Keeping The Promise, A Community Panel on the Voting Rights Act – Today


Late political calendar announcement:

Congressman Grijalva will host Keeping The Promise, A Community Panel on the Voting Rights Act on Wednesday, August 12 from 9:00-11:00 AM at the Tucson YWCA on the Voting Rights Act, the promise it continues to hold for countless Americans, and the ongoing efforts to undermine that promise 50 years after it became law.

Congressman Raúl M. Grijalva
Community advocates

Keeping The Promise
A Community Panel on the Voting Rights Act

Tucson YWCA
525 N. Bonita Avenue
Tucson, AZ 85745

Wednesday, August 12
9:00 -11:00 AM

For more information, contact Cassandra Becerra at (520) 622-6788 or

Press Release (below the fold)
Grijalva Calls for Greater Voter Empowerment, Announces Community Panel on 50th Anniversary of the Voting Rights Act

TUCSON, AZ – Congressman Raúl M. Grijalva (D-AZ) released the following statement today marking the 50th anniversary of the Voting Rights Act.

“When Lyndon Johnson signed the Voting Rights Act in 1965, he was well aware of the tremendous consequences the bill would have for America. Johnson knew that it would bring equity to the long suppressed African-American community, notably forced to undergo unjust scrutiny through practices like literacy tests in order to exercise their right to vote. The Voting Rights Act secured the sanctity of the ballot box for every American for just about 50 years.

“However, two years ago, the Supreme Court’s decision to rip away protections from discrimination within the Voting Rights Act has brought unease to communities who have fought for these protections and still need them. The right-wing fear-mongering claim that there is credible voter fraud has led to the disenfranchisement of hundreds of thousands of Americans. Republicans are purposefully making it harder for people to vote and 50 years after the Voting Rights Act, voters – largely communities of color, the disabled and LGBT individuals – are being turned away from the polls, unable to participate in our democracy.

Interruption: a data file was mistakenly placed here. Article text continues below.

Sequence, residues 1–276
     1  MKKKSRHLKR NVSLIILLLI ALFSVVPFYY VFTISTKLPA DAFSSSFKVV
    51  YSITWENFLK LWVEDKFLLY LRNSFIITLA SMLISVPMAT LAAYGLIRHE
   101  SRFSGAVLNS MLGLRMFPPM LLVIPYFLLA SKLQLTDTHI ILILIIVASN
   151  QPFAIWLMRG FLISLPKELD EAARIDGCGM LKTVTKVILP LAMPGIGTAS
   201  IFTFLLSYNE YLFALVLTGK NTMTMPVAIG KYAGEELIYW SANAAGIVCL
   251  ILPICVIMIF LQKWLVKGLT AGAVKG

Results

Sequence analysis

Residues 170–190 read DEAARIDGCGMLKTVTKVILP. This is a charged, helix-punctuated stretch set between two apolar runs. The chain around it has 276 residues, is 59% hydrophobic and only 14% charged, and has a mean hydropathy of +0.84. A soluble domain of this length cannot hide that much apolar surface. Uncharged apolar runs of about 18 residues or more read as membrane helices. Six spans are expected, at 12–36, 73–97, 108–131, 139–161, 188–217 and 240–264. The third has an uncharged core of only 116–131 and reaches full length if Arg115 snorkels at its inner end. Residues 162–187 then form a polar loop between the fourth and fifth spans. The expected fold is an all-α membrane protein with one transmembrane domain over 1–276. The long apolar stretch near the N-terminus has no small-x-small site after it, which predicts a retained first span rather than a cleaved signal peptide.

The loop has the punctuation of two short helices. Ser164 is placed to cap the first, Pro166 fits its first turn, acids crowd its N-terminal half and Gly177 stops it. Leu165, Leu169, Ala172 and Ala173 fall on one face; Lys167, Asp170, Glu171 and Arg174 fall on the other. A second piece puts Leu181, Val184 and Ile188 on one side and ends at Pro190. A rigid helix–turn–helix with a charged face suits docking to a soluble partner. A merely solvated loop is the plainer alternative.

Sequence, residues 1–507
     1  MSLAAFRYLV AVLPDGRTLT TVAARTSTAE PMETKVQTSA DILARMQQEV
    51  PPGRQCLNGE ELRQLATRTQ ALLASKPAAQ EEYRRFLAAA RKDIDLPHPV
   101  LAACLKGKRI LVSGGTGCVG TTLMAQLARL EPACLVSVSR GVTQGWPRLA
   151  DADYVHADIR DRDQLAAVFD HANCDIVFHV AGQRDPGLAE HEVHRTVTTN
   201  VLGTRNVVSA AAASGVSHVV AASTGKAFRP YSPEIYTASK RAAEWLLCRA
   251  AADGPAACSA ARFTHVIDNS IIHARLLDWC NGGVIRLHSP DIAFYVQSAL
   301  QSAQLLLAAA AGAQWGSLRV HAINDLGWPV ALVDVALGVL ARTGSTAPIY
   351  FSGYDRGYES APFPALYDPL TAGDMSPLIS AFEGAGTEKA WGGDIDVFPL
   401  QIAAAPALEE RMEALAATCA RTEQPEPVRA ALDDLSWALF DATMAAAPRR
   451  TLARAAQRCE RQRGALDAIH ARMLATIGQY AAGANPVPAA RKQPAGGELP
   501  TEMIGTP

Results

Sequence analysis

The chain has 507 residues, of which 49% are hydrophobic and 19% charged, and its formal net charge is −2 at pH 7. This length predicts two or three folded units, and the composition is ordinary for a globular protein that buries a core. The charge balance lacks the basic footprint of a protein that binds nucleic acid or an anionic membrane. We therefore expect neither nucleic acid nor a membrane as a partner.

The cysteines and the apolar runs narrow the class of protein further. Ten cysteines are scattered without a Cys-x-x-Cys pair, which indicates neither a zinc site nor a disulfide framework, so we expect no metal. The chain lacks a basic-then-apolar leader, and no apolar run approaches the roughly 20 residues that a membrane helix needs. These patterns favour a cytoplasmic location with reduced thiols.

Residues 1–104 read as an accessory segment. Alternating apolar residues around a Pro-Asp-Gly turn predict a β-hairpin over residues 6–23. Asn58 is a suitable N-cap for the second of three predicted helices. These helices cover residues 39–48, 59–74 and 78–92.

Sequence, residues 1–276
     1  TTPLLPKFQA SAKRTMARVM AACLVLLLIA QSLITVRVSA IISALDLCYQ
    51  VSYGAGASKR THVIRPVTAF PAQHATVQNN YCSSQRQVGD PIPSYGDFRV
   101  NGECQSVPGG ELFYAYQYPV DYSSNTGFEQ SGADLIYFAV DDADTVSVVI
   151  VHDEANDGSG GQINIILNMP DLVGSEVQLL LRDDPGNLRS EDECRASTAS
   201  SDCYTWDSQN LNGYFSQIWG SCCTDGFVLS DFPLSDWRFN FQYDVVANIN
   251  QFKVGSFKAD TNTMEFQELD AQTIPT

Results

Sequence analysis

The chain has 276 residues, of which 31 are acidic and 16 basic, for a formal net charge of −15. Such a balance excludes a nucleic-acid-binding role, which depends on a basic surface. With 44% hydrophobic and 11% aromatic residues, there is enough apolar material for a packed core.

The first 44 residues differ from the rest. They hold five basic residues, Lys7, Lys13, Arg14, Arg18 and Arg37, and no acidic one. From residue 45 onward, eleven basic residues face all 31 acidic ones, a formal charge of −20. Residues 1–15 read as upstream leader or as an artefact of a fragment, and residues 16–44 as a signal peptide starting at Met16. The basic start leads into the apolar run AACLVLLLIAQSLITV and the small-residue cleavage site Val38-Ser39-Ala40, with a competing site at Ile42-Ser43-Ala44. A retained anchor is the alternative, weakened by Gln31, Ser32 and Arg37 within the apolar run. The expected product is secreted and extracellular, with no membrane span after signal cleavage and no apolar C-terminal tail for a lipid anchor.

“It is not only past-time for us to renew the Voting Rights Act, but to also lay the groundwork for greater voter participation by making voting more accessible for every American. We must empower our voters making automatic voter registration the law of the land across all 50 states, providing an early voting period in each state, and allowing same-day registration as an option for hard-working Americans who should not be jumping hoops to vote. Voting is a fundamental right in this country – let’s end its barriers and restore justice now.”



  1. CD 3 Congressman Raul Grijalva moderated a panel discussion with these presenters:
    Rev. Grady Scott, of Grace Temple Baptist Church
    Vince Rabago, former Asst. Attorney General, now attorney in private practice
    Stew Grabel, former Ombudsman at PCOA
    Sayanna Molina, aide at the Congressman’s office doing voter outreach

    Grijalva gave an overview of the Voting Rights Act (passed 8/6/65) celebrating its 50th anniversary, but the challenges it now faces with low voter participation, voting requirements being more restrictive in some states, re-authorization of the act.
    Grabel spoke of denial of legitimate voters in the American elections, how those in nursing homes/facilities or disabled have difficulty voting, as well as those born w/o documents/papers
    Rabago also spoke of voter restrictions for students, elderly, Native Americans, Dept. of Justice pre-clearance requirements and objections. He said there was no “conspiracy” to deny voting rights, that it was apparently openly done by some state legislatures (i.e. Arizona).
    Grady emphasized that voting is a RIGHT that should not be denied but had been historically to his African American community, and are crucial but frustrating for those who have difficulty being registered, some who have “lost hope”
    Molina finally talked about the youth vote, and voter outreach from her young generational perspective. She mentioned that early voting differs from state to state, that would be better to offer voter registration on the day of the election, or at any location to make voting easier.

    Question from Congressman Grijalva to the panel was about voter fraud (being nonexistent according to him), and voter turnout. Rabago responded with examples of how former S.C. Chief William Rehnquist had been in group that personally challenged Black/Latino voters at the polls in Arizona, and a modern example in Maricopa County where groups brought in sealed ballots in 2013, then the AZ legislature outlawed that practice later. Grady said that voting should be automatic as a privilege. Molina agreed that voting should be easier & modernized, made into a National Holiday for people to go out & vote.
    Two questions came from the audience about 1) voter registration lists being purged, and voters disqualified, and 2) convicted felons being disenfranchised as well. Rabago said that felons face a court process to restore their voting rights by a judge, which is costly and time consuming. Scott mentioned that 40% of the prison population is African American, and that 70% of African Am. households are run by single women. He recommended “The New Jim Crow” by Michelle Alexander.

    In attendance today: Isabel Garcia, retired Federal Public Defender; Keith Bagwell from District 5 Supervisor Elias’ office,and about 20 people. Amanda Shauger of KXCI taped this panel discussion.

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